The structure of property finance
| Project Finance| Corporate Finance|
| Equity| Debt| Equity| Debt|
Development finance| Forward funding
Lease and leaseback| Bank project finance
Mezzanine finance| Developer’s funds
Share issue| Multi-option funding
Deep discount bond (DDB)|
Investment finance| Forward sale
Sale and leaseback
Finance lease| Mortgage Eurobond issue Securitisation| Share issue Retained profit| Corporate bond issue|
Project-based development finance: equity
Most lenders require developers to inject a cash stake from their own resources into the projects they are financing.
→ hard for many developers to achieve
difficult to raise new equity since their shares have not been popular with the investing public.
1. Joint venture
→ Joint venture which is an agreement btw 2 or more parties to participate in the profits gained from the development of property.
→ Common approach has been to set up a special purpose vehicle (SPV) which takes various forms. → may be limited liability companies or a partnerships.
A notable example of a joint venture:
established by AMEC, Balfour Beatty, Kumagai Gumi of Hong Kong, China State Construction Engineering Corporation & Maeda of Japan f or the construction of the new Hong Kong airport on the island of Lantau in the 1990s.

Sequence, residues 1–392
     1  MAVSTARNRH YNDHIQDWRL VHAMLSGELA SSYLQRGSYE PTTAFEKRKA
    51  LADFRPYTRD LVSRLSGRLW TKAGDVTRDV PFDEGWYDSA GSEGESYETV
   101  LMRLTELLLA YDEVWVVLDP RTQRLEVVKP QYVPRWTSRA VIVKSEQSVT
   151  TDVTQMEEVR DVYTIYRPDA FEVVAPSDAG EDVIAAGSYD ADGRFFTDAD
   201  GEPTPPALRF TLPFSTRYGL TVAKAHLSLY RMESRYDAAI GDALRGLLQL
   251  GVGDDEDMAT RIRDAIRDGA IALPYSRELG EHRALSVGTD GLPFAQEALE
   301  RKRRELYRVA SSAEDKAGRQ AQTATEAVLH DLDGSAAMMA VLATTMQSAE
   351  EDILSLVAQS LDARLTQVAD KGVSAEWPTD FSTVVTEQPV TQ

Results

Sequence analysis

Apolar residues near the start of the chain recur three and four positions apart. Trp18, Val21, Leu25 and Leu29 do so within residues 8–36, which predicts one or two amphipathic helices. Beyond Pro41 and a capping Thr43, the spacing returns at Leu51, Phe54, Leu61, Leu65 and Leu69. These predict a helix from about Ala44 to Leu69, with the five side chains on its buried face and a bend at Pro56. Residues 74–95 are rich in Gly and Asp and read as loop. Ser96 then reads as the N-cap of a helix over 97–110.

Advantages of Joint venture:
a. Asset sharing is one of the best advantages about joint venture. use additional finance to facilitate the production & growth, operation of projects & products.
increase profit margin & increase your revenue potential;
b. provide a chance to companies to gain new capacity and expertise. access to greater resources, including specialized staff, technology and finance;
c. Sharing of risks and costs with a venture partner & reducing in gearing through off-balance-sheet financing & liabilities;
d. help address the needs of foreign investors.
Neither party may really be interested in the primary project, but they participate simply to gain access to the new market.
The risks of joint ventures:
a. Unclear objectives for the partnership,
which may result in unmet expectations & hard feelings on both sides because the objectives of the venture are not totally
clear & communicated to everyone involved;
b. Different objectives may result in the joint ventures with the partners actually working against one another,
using valuable resources & energy without bringing about the desired outcome;
c. There is an imbalance in levels of expertise, investment or assets brought into the venture by the different partners;
d. Different cultures & management styles result in poor integration & co-operation. For example, the partners don't provide sufficient leadership & support in the early stages;
e. Partners are not sufficiently committed to the joint venture, which leaves one partner shouldering the bulk of the responsibility with decreased benefits.
2. Forward funding
→ the institution agrees to buy a site & provides funds for the construction of the building.
→ gives the institution a greater control over the development, often leading to the developer being charged a lower rate of interest than the market norm. → On completion, however, the developer might receive a lower capital sum when the building is sold at a higher yield.
→ So the lower interest charged by the institution on the development finance is counterbalanced by the developer’s lower profit on sale. This lower profit can be seen as the cost of the lower risk the developer bears as a result of a guaranteed sale.
→ The institution bears not only the development risk but also the leasing risk. The developer’s...